God's Responses (Part 4)
We've been studying the topic of prayer. God sometimes responds to our prayers with a prompt "yes" or an absolute "no." However...

We may sometimes think God has answered "no," when actually He has only delayed the fulfillment of a positive response. Thus, we sometimes experience a delayed "yes" to our prayers.

For example, the Israelites cried out to God for deliverance from their bondage in Egypt for several generations, and many of them must have supposed that God's answer was "no." However, in actuality, His answer was "wait awhile." It is not in our province to know why their deliverance had to be delayed, but He who does all things well deemed it necessary.

When it was the right time--by God's timetable (which is the only timetable that matters)--He sent Moses to deliver them. God had not been neglecting their cries for help; He simply wanted them to wait awhile.

Another illustration of this response is seen in Revelation 6:9-11, where John saw the souls of those who had been martyred for their faithfulness to God's word. He described their prayers as follows - "How long, O Lord, holy and true, until You judge and avenge our blood on those who dwell on the earth?" They wanted God to avenge their deaths immediately. However, we read in verse 11 - "Then a white robe was given to each of them; and it was said to them that they should rest a little while longer, until both the number of their fellow servants and their brethren, who would be killed as they were, was completed." God did not refuse their plea, but in effect, He said that it was not yet time and that they should wait patiently.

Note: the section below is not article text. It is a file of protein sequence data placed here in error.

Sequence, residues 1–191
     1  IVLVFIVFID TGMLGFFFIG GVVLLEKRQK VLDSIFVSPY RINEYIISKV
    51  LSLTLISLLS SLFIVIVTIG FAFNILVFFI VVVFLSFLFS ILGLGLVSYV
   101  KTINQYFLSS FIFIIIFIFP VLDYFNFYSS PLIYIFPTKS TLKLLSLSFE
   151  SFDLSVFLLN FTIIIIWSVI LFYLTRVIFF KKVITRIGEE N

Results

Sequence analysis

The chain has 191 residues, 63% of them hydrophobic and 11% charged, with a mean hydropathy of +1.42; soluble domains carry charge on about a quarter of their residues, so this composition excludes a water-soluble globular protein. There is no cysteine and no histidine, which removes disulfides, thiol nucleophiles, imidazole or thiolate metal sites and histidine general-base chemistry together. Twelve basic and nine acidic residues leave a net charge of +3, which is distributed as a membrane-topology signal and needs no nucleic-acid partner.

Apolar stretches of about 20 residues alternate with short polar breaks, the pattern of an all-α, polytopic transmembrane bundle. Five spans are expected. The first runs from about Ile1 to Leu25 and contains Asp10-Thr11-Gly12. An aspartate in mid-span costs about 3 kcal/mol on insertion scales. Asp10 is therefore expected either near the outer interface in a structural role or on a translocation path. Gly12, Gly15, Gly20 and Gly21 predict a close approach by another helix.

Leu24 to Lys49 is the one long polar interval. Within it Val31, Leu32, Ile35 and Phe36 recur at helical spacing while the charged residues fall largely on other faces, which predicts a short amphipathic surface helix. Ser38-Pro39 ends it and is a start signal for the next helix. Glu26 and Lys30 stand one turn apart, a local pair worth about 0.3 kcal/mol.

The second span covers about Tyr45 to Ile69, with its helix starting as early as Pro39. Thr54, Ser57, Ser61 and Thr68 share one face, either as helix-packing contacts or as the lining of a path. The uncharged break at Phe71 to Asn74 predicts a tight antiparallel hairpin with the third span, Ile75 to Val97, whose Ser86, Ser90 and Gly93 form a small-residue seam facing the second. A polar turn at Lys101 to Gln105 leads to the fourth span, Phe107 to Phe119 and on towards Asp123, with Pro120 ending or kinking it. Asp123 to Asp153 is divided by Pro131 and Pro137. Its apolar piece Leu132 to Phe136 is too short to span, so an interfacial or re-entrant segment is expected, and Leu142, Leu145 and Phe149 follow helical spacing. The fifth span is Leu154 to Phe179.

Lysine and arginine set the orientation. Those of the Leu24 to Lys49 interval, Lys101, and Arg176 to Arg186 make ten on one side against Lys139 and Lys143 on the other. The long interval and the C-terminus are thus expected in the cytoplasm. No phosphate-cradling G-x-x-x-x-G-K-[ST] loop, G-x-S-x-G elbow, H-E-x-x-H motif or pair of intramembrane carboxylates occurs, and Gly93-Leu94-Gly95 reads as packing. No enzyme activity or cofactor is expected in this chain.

If God does not give us what we ask for immediately, there is a reason, though in our limited perceptions we might not be able to see it. Perhaps we need to attain further maturity. Perhaps it is not the right place or circumstance. Perhaps some other events need to occur before our prayer is fulfilled (as in the case of the martyrs we just cited). Maybe God is trying to teach us to be patient. Whether or not we ever know why we are required to wait, if the aim of our prayer is worthy, we should not grow weary in uttering it to the Giver of every good gift. Let us remember that we "ought always to pray and not lose heart" (Luke 18:1; cf. I Thess. 5:17).

Friends, God answers our prayers with a prompt "yes" when it is in our best interest. He responds with an absolute "no" when it is in our best interest. And, when He intends to answer our prayers in the affirmative but not immediately, He tells us to "wait awhile."

We will conclude this study on God's responses tomorrow.